If you’re a fan of hiking and the outdoors and traveling in Tasmania, Australia, you’ve probably heard of the Overland Track, which is Tasmania’s premier multi-day hike through the alpine landscape of Cradle Mountain – Lake St Clair National Park. Whether you are completing the full trek or just in the area for a few days, hiking the summit of Cradle Mountain is an exciting and challenging way for experienced hikers to enjoy the heart of Tasmania.
Preparing for the Hike
You should be an experienced hiker if you plan to attempt the summit portion of the hike. The entire route, starting and ending at the Dove Lake car park, is about 8 miles long and will take around 6-8 hours as you will be either ascending or descending most of the time.
Be sure to pack layers – weather in Cradle Mountain can change very quickly. On our hike we went from warm and sunny to foggy and chilly in less than a half hour.
Bring your lunch, snacks and plenty of water. I drank 3 liters on this hike.
What to Expect
When you arrive to the Dove Lake car park area, be sure to write down your name and your hiking plans in the log book (and don’t forget to sign back in when you return). The walk starts from the Dove Lake car park and heads up steadily past Lake Lilla and the smaller lake Wombat Pool, and then the larger Crater Lake.
After about an hour and a half you’ll reach the magnificent Marion’s Lookout, which gives you a full-frontal view of the mountain and a bird’s eye view over Dove Lake. The trail between Crater Lake and Marion’s Lookout is part of the Overland Track, so you may see through-hikers here.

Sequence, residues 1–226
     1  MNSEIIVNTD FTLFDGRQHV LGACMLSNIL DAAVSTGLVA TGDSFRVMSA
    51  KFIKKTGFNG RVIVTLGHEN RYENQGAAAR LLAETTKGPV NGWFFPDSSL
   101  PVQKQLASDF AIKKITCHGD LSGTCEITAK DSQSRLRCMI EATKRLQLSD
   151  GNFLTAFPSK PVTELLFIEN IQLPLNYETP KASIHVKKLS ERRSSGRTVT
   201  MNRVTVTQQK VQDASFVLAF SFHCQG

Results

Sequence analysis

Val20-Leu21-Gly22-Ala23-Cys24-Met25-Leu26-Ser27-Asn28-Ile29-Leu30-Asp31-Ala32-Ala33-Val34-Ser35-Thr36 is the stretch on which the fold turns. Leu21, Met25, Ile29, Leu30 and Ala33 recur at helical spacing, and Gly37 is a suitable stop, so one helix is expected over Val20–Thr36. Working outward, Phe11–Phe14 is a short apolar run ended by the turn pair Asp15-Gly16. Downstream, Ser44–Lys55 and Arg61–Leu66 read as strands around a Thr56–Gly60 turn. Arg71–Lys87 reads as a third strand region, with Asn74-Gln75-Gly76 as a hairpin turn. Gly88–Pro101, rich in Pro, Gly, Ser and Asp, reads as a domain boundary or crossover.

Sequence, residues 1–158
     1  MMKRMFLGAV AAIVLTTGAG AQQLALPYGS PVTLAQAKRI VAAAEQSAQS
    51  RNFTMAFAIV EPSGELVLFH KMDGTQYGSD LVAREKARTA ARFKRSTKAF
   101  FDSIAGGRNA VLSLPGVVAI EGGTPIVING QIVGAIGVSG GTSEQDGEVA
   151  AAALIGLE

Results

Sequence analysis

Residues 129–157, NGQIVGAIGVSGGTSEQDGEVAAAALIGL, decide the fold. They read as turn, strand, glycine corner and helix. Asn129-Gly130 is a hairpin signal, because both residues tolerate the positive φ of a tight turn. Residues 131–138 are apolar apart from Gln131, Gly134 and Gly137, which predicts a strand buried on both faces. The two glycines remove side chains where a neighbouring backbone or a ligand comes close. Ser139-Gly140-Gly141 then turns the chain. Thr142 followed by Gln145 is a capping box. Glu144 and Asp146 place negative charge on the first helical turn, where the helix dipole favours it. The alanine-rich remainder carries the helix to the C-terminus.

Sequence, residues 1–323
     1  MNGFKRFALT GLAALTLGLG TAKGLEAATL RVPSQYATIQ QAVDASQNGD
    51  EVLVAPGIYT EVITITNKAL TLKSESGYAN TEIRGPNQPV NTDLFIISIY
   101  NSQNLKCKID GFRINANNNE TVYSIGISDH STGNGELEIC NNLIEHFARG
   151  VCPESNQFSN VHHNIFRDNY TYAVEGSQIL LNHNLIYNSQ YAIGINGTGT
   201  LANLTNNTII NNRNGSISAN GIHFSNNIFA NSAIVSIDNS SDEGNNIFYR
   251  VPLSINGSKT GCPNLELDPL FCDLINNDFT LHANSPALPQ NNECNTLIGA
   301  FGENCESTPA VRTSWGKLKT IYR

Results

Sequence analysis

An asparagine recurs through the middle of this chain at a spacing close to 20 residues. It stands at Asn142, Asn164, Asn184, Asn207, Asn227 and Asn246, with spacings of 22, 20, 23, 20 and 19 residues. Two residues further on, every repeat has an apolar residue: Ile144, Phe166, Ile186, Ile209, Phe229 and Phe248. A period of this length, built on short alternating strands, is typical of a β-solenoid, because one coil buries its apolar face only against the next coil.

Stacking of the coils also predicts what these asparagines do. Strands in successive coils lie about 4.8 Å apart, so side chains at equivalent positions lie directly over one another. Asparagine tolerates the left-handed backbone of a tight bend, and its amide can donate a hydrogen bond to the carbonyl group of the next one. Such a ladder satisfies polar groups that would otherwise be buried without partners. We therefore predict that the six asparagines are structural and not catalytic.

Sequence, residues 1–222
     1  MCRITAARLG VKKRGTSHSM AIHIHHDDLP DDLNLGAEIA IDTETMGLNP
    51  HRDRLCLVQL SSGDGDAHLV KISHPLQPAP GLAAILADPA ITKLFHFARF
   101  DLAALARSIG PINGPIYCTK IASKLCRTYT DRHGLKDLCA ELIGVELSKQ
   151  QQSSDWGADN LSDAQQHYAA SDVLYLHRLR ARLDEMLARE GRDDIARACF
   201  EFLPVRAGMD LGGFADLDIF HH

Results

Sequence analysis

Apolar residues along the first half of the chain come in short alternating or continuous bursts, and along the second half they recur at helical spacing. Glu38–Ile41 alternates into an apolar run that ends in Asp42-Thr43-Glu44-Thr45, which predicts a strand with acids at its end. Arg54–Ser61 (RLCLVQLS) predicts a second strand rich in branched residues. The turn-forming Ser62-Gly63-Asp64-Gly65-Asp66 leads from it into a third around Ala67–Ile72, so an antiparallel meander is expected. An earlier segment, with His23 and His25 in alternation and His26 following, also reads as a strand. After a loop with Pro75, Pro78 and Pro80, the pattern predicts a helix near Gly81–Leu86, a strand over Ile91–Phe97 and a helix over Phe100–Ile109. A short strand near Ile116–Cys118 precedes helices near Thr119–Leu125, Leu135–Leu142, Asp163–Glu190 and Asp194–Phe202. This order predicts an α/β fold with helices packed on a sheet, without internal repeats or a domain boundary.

You’ll continue onto the Overland Track past the emergency hut at the base of the summit trail. This part of the trail is, in my opinion, the most scenic, especially if you have clear weather.
The Summit Track starts gently, but quickly becomes incredibly scrambly, requiring full-body climbing for 45 minutes over large rocks to reach the summit. I personally don’t think it’s suitable for children, and would not advise attempting the summit in wet conditions (rain, mist, snow or ice). If it’s cloudy out, you won’t see much from the summit anyway. Once you reach the summit, you’ll return down the way you came.
After the equally scrambly descent back down to the main trail, you’ll continue to the Face Track trail. This is a nice part of the hike to stop for lunch since you’ll have the most strenuous part of the day behind you, and views of Dove Lake far below you!
The next part of the trail seemed ill-maintained. The wooden pieces were broken off the path and strewn about the muddy ground. There is an option to take a longer but more gradual way around Dove Lake via the Lake Rodway trail, or you can take the steep Lake Wilks trail down to the popular and mostly paved path that loops Dove Lake.
We opted for the Lake Wilks trail, and so that is what I’ll describe next.
Lake Wilks track requires scrambling down more steep rocks, sometimes with the help of a chain for about 30 minutes, and then the trail wanders through the forest for about 45 minutes before it meets up with the paved Dove Lake Circuit. From here it’s about another half hour before you return to the car park.
- Dove Lake Carpark to Marion’s Lookout: 1.5 hours, steep trail
- Marion’s Lookout to Summit Trail: 30 minutes, flat trail
- Summit: 1.5 hours return, steep and slippery rock scrambles the entire way
- Summit Trail to Lake Wilks Trail: 1 hour, trail is poorly maintained
- Lake Wilks Trail to Dove Lake Circuit: 1.5 hours, steep descent with aid of chains in some parts
- Dove Lake Circuit to Carpark: 45 minutes, flat and paved trail
- Total: 6-8 hours
Overall, this was one of the most challenging walks I’ve done (even more so than the longer Tongariro Crossing in New Zealand). That said, it was also one of the most fun. It’s highly technical, and the many different sections of the trail are unique enough from each other to keep you from getting bored.
Read more: Our adventure in Tasmania
What’s the most challenging day hike you’ve done?